The Earl of Courtown (Con)
My Lords, I thank noble Lords for their contributions to this debate. The noble Baroness, Lady Janke, mentioned scrutiny and I will just deal with that quickly. These regulations were subject to scrutiny by the Social Security Advisory Committee on 15 October this year.
In closing, I assure all noble Lords that the Government are absolutely committed to supporting disabled people and are determined that support should be focused on people who need it most. These new regulations do not reduce the existing support, which is correctly available to disabled students, but rather ensure that this support continues to come from the appropriate source of government funding, which for disabled students, as for all students, is the student support system of loans and grants.
These new regulations do not remove entitlement to universal credit from any existing disabled student currently receiving it, nor from any future claim to universal credit from a person entitled to a qualifying disability benefit, such as PIP, who is subsequently determined to have a limited capability for work and wishes to start a course of education.
I should mention that the Government’s support for disabled students does not end on them completing their education. In our national disability strategy, we have committed to improving disabled people’s everyday lives. We have committed to make available the access to work adjustments passport for all disabled students, including those receiving disabled students’ allowance, when they leave university.
To support the transition from education into work, the Department for Work and Pensions is piloting the adjustments passport. We currently have two universities —Wolverhampton and Manchester Metropolitan—piloting the adjustments passport with the aim that a third will come on board in January.
The adjustments passport will provide students with a disability or health condition with an up-to-date record of the adjustments they are using and any future in-work support needs they may have. It will reduce the need for the student to repeat details of their disability and how it could affect them in work and reduce the need for a holistic assessment where the needs are documented.
The adjustments passport will provide a clear gateway of adjustment support by raising the visibility of support available for each stage of the transitions journey. It will also provide a transferable record of adjustments that can be used to support the adjustments journey and reduce the need for assessments. In addition, it will include a communication tool to support discussions with employers. It also gives visibility of in-work support if an employer employs a disabled person, and assurances and support to progress in work. It will also support potential employers by documenting the in-work support the student requires and the possibility of support the student could receive. It will also help to raise awareness of the Access to Work scheme and the support it can provide.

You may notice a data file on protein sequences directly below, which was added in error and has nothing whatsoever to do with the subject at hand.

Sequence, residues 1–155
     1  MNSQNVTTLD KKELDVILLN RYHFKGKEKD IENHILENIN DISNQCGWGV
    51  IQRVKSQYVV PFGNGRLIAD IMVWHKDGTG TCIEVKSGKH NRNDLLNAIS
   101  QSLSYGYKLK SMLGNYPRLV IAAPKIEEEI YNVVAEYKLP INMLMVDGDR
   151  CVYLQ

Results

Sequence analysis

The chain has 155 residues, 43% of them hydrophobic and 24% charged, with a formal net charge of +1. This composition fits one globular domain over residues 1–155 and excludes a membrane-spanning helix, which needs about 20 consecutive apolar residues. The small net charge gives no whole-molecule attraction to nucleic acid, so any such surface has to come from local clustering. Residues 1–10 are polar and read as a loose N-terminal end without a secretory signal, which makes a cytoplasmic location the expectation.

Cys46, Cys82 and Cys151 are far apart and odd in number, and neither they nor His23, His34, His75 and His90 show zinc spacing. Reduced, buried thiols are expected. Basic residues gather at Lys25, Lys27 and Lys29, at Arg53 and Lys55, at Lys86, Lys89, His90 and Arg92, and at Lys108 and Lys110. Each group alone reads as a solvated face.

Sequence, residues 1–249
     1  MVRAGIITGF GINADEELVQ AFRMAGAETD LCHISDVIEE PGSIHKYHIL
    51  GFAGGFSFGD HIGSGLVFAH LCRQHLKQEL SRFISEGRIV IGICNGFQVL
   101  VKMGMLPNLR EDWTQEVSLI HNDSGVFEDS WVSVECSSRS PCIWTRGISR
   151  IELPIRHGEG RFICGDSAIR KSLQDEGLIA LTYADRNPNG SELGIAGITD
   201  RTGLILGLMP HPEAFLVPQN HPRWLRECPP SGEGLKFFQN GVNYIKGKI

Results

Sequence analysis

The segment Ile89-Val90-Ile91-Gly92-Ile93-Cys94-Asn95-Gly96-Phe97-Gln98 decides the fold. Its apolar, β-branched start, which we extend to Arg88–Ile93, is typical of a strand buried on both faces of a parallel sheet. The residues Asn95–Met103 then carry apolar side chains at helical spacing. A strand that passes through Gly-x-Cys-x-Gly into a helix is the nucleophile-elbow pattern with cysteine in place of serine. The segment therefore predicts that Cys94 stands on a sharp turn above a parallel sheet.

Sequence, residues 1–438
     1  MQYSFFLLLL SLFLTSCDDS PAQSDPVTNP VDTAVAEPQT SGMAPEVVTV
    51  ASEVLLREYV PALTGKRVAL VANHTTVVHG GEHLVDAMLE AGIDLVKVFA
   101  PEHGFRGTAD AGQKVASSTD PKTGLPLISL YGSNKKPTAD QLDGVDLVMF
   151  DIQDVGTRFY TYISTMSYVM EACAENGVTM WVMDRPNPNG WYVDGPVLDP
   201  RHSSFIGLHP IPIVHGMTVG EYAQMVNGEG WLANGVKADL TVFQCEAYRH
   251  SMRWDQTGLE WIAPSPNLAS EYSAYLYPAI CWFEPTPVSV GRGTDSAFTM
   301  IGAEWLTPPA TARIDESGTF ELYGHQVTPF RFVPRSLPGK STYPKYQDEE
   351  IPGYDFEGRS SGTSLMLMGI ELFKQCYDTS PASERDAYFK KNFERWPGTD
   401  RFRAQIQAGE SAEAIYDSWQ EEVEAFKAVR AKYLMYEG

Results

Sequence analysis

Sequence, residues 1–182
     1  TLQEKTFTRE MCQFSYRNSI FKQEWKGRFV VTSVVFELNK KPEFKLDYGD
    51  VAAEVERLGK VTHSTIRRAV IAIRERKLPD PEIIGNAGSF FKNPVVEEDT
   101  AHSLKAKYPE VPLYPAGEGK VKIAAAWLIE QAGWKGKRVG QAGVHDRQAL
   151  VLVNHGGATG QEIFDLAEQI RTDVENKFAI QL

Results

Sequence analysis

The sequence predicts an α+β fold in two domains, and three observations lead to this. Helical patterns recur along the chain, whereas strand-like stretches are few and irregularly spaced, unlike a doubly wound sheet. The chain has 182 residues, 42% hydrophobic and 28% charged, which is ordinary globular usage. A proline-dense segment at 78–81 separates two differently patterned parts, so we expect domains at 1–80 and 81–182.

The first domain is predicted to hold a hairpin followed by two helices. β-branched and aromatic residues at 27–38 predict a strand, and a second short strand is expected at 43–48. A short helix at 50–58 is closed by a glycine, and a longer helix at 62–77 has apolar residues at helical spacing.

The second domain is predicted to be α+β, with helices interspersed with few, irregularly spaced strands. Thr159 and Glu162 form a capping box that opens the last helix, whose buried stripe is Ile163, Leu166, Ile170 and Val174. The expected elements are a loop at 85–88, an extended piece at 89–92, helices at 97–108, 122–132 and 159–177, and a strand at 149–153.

We recognise that talking about workplace adjustments can be difficult. To support and empower the student, the passport can be used as a communication tool to enable them to have a more structured and confident conversation about their disability and the adjustments they need with employers. Knowing what support is available for every stage of the transition journey will help to empower young disabled people to have confidence that their support needs are captured and aspire them to achieve their goals and chosen career rather than limiting their choices.
Once in employment, the passport would continue to add value by supporting progression and enabling disabled people to transfer between job roles more easily by increasing portability of support and reducing the need for reassessment where job roles or needs are similar.
Furthermore, a range of other DWP initiatives is supporting disabled people to prepare for, to start, to stay and to succeed in work. These include the Work and Health programme, the Intensive Personalised Employment Support programme, the Access to Work scheme, Disability Confident and support in partnership with the health system, including employment advice in the NHS Improving Access to Psychological Therapy service.
In 2021, the health and disability Green Paper, Shaping Future Support, explored how the welfare system can better meet the needs of disabled people and people with health conditions now and in the future to build a system that enables people to live independently and move into work where possible. The national disability strategy aims to ensure that all disabled people can play a full role in society. The strategy takes into account the impacts of the Covid-19 pandemic on disabled people, with focus on the issues that affect them the most, including employment.